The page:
The Chief Executive Officer of the Ghana Enterprises Agency, Kosi Yankey-Ayeh, says the Coronavirus Alleviation Program Business Support Scheme (CAPBuSS) has been one of the most successful interventions her organization has undertaken.

The CAPBuSS which was launched in 2020 was formed as part of government’s intention of providing support to SMEs who were affected by Covid-19 pandemic.

The government set up the special fund with a seed capital of GH¢600 million and subsequently topping it up with GH¢150 million.

According to Ms. Yankey-Ayeh, the CAPBuSS since its inception has successfully provided support to over 300,000 businesses and hopes to do more in the coming years.

Speaking on JoyNews’ PM Express Business Edition, she said, “So the Covid funds, the CAPBuSS I think was one of our most successful interventions. A lot of the work we had done at that time was that the whole world was going through a crisis.

“The President came out and was very bold in his ambition to support MSMEs which was pledging over 600 million Ghana cedis, which at that time was over 150 million dollars to be able to support and hold steady MSMEs in Ghana.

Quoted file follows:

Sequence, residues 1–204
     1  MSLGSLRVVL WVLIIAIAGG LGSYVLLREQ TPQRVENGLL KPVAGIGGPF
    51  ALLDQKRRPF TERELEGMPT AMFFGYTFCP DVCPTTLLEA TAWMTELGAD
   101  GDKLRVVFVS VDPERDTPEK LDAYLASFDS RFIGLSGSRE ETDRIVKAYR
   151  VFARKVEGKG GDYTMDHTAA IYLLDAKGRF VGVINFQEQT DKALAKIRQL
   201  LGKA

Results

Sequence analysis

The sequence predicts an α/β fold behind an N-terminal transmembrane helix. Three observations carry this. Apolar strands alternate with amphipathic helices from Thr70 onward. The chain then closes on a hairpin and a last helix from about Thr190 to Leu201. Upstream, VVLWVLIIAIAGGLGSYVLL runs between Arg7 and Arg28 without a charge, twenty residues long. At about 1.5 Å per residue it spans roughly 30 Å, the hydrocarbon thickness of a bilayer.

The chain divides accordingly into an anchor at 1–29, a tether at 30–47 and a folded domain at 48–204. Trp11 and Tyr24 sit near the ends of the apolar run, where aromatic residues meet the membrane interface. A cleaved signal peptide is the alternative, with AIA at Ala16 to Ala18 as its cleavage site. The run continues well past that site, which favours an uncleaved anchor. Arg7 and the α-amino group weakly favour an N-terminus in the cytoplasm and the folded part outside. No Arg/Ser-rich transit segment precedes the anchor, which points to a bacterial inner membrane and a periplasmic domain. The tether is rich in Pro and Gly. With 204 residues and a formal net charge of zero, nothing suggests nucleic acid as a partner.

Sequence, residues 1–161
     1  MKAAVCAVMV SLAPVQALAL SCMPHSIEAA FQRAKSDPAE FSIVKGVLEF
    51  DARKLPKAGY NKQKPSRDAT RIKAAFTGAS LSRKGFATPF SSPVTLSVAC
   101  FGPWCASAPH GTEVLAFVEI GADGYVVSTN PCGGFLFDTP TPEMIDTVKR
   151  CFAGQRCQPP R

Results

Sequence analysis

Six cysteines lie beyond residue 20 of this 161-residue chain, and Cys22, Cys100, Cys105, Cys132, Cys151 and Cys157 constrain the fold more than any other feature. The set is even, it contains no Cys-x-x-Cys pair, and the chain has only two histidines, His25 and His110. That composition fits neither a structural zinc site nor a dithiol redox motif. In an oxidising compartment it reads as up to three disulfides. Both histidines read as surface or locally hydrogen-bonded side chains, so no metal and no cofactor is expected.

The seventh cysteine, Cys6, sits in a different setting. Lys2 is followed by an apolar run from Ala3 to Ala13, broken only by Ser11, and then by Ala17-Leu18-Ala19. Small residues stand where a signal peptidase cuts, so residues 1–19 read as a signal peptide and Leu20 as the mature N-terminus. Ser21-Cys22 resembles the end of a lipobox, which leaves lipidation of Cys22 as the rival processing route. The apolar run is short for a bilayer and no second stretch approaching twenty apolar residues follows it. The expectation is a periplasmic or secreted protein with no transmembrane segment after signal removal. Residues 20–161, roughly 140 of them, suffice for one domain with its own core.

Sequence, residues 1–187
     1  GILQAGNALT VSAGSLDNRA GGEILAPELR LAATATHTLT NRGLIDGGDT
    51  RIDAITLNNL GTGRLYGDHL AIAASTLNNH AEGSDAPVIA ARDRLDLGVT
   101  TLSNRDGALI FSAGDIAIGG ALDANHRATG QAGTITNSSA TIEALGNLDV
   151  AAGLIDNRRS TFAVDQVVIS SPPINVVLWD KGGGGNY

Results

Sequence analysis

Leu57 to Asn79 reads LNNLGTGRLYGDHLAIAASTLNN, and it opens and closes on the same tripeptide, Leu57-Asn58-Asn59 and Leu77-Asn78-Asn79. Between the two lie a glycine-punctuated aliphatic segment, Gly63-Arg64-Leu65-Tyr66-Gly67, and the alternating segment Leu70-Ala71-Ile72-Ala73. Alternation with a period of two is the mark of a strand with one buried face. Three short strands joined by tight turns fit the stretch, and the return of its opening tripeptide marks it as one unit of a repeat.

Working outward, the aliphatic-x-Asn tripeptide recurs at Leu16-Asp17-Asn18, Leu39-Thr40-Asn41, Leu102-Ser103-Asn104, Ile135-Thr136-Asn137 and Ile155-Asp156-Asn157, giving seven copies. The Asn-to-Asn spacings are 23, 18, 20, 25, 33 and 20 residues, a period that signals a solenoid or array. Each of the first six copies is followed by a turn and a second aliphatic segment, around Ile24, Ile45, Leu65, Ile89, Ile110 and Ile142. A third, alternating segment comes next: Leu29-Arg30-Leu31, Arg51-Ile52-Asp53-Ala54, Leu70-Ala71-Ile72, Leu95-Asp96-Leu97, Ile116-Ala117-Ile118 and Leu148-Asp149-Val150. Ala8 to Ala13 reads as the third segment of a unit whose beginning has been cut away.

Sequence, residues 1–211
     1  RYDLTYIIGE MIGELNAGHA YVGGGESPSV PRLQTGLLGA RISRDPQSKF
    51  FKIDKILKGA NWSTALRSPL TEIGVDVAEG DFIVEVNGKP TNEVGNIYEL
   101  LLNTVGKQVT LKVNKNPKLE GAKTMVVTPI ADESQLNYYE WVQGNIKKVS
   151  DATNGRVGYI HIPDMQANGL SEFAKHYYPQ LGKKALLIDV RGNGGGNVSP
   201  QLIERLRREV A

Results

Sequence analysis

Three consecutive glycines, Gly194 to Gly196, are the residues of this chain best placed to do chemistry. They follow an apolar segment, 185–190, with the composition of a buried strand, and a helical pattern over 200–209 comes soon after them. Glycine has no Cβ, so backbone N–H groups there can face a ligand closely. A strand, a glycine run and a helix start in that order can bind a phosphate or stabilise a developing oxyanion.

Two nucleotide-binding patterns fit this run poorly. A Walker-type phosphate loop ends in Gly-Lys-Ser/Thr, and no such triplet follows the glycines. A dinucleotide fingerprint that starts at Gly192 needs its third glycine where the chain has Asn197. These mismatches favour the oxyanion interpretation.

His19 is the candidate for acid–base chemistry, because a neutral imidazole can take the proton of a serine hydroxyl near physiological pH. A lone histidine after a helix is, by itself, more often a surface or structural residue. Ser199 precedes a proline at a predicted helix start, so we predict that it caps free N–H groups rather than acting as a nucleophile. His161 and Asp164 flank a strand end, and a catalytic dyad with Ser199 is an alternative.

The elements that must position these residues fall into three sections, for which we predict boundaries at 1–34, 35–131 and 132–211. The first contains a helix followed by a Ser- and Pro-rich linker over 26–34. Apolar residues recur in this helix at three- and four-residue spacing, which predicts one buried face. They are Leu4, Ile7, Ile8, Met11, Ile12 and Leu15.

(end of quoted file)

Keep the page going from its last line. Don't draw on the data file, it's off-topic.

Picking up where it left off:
“So a lot of work went into that. To try to build that support, to try to build those businesses and strengthen them. And that’s what the funding did. It provided relief to these businesses; about 302,000 plus businesses benefitted from this intervention.”

She noted that since 2020, over 500 million Ghana cedis have been disbursed via rural banks and mobile money services to beneficiaries.

“And the funds went out to them directly to be able to use to strengthen their businesses and to stabilize their businesses. So a lot of support went out through the CAPBuSS at that time.”

Currently, the GEA through its financial partners is working to recover funds paid to beneficiaries, while putting in place mechanisms to ensure that funds recovered can be re-disbursed to more MSMEs.

“Now what we’ve reached is the recovery phase because those were not free funds, they were actually loans.

“If you go across the country, yesterday, I was in Ashanti Region talking to some of the rural banks and trying to see how we’re managing these recoveries, and as much as possible you’ll see that people have the willingness and the eagerness to pay,” she said.

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DISCLAIMER: The Views, Comments, Opinions, Contributions and Statements made by Readers and Contributors on this platform do not necessarily represent the views or policy of Multimedia Group Limited.